Thursday, April 26, 2012

A Spelunker In The Cave Of Poverty

By Stephen J. Gertz

In 1715, Lewis Theobald, a British lawyer and budding poet with literary ambitions just beginning to be realized through translations of classical Greek dramas, stood at the entrance of an immense allegorical cavern and, ropes, hard hat, and lantern at the ready, stepped inside the gaping hole.

Journeying through an immense labyrinth with more underground byways than Mammoth Cave National Park, he beheld horrors at every turn. He took notes. The result was a proto-Desolation Row, Bob Dylan in wig and tricorne writing an infernal travel brochure in iambic pentameter inspired by Shakespeare and Edmund Spenser.

Meet the Goddess of the Cave, the Queen of Poverty, a Gorgonesque creature out of Clive Barker, basking in squalor and her power over the world:

Far in the Dungeon's Depth, in sullen Pride,
On matted Straw the gloomy Regent sat:
Famine, Despair, and Sickness by her side,
The Motions of her envious Pleasure wait.
Behind her violent Deaths attend; which, when
Inrag'd, she sends to tempt unwary Men.

Pale was her Face, and shrivell'd was her Skin,
Eyes sunk, and starting Bones; as she were now
The Skeleton of what she once had bin;
So lean and wretched did the Daemon shew:
Her Locks with Filth so clotted, she appears
A Fury, hung with Snakes, instead of Hairs.

Plain was her Furniture, of homely Wood;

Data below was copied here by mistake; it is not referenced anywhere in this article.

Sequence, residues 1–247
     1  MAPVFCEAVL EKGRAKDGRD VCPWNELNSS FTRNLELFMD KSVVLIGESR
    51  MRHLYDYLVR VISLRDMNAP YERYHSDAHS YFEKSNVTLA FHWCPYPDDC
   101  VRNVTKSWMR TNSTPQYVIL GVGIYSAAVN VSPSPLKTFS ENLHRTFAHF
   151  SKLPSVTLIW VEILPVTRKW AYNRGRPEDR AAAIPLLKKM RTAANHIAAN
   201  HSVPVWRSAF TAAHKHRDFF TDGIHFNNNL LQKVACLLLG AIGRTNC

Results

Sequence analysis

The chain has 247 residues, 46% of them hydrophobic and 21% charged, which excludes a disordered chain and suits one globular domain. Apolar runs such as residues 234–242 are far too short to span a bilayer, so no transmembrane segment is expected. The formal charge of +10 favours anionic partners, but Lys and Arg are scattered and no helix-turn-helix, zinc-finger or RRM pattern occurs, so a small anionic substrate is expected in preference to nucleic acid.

And mean, and squallid, was her whole Attire;
Some far-fetch'd Roots and Water were her Food,
And Furz of Heaths the Fewel of her Fire.
On Earthen Lamp twice Twenty Glow-worms lay,
Whose spangled Light supplies the want of Day.

By the light of this worm-infested Tiffany lamp, the walls of the cavern are revealed. Verbal cave paintings, 127 stanzas worth, they are inscribed with woes and deprivations.

Two tubes extend from deep within the cave as telephone party lines. Listening through one, the Goddess eavesdrops upon a voice damning poverty and praising wealth. Through the other, she overhears a case praising poverty and cursing wealth. The Goddess is pleased; it's a delightful dirge to her ears. For the rest of us, it's a dreary prospectus perhaps foreshadowing the 2012 U.S. Presidential campaign, class warfare to some, yawning income gap to others.

By journey's end, our intrepid spelunker has encountered the foul agents of poverty and experienced a filthy laundry list of human misery and ills. The tube in praise of poverty (in this context we presume a tin can with string)  has the last word:

Thus spake the Tube: When lo! on Eastern Cloud,
That sullenly receiv'd her early Light,
The chearful Rosy-finger'd Morning glow'd;
With Blushes, like a rifled Maid, bedight:
Th' Enamour'd Sun, holding the Nymph in Chase,
O'er her young Beauties shed redoubled Grace.

In short, the sun shines on the noble poor. Those living below the poverty line may appreciate the initial warmth of the sun but for them it shines hard and relentlessly, and they are unlikely to appreciate an upside to sunstroke.

Theobald was not a great poet, and this is not a great poem. One contemporary Tweeted this review: "Here in one bed two shiv'ring sisters lye / The cave of Poverty and Poetry" (Alexander Pope, The Dunciad 1:31-32).